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The Canterbury Tales, Geoffrey Chaucer

An April journey, a genial host, and a series of stories make up this masterpiece of British literature written in the fourteenth century. In The Canterbury Tales, a band of men and women meets at an inn to begin a pilgrimage to the shrine of Thomas Becket. The inn's host suggests that they while away their time on the long journey by telling stories. He offers a feast when they return to honor the best teller of tales. Chaucer has filled the story with characters who vary widely in social standing, occupation, morality, and wit. The pilgrims come to life through the narrator's often caustic descriptions and through the tales they tell.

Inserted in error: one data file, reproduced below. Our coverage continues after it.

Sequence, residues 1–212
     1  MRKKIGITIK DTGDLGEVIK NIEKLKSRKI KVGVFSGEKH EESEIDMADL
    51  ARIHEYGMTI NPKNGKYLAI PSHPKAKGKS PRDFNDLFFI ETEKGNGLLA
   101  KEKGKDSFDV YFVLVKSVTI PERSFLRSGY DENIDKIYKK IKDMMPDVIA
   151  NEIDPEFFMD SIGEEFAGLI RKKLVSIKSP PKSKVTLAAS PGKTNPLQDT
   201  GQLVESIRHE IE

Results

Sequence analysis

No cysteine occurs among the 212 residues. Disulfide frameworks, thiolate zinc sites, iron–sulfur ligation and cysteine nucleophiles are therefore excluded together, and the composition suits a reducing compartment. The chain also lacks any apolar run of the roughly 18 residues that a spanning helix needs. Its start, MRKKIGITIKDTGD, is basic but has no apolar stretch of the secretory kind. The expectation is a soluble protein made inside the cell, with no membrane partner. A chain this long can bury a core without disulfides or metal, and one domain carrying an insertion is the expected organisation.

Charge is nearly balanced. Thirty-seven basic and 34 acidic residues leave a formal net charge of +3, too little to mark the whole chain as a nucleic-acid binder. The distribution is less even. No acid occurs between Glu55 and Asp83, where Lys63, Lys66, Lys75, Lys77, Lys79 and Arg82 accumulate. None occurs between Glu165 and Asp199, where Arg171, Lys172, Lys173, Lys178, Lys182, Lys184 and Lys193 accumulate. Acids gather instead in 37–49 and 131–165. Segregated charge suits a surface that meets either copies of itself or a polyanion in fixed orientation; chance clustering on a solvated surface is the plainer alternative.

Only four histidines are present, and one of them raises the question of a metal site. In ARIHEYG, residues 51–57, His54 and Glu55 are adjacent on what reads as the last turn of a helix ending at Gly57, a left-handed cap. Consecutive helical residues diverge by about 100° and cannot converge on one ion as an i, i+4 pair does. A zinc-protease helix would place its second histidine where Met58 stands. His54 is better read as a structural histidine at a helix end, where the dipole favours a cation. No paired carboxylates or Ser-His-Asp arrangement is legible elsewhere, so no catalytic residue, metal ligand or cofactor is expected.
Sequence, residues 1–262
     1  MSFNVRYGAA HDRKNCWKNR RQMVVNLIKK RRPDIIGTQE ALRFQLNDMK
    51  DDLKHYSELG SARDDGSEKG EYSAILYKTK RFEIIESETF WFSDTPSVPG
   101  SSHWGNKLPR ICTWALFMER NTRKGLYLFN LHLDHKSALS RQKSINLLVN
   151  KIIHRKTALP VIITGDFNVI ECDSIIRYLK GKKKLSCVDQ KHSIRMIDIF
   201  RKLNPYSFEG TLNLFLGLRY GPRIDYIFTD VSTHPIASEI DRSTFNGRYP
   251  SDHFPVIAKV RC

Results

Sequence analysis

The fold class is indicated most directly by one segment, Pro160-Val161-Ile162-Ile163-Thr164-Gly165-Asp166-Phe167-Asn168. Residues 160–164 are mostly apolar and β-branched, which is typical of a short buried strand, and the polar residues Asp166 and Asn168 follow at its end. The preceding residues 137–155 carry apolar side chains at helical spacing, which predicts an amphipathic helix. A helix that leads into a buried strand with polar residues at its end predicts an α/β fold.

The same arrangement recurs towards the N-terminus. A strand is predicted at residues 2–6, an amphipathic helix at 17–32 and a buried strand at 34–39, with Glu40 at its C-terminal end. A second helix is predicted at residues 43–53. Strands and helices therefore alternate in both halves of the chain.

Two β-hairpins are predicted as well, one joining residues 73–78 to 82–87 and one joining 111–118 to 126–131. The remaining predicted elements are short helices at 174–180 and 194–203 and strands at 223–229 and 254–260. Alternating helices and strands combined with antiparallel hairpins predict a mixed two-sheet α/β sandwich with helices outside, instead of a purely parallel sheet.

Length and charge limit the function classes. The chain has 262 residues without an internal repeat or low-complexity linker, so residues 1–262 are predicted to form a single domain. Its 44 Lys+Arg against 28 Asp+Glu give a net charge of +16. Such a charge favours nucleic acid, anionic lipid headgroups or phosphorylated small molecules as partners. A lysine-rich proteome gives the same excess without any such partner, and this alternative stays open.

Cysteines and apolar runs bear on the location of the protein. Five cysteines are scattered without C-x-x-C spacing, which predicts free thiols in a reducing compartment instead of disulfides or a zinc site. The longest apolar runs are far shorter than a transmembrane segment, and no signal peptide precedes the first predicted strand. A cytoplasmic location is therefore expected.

Related Readings

"In Chaucer Tale, a Clue to an Astronomic Reality"—newspaper article by James Glanz

from the Decameron—frame story by Giovanni Boccaccio

"Chaitivel"—poem by Marie de France

from A Distant Mirror—history by Barbara Tuchman

from The Fifth Pillar—memoir by Saida Miller Khalifa

Study Guide (PDF)


McGraw-Hill / Glencoe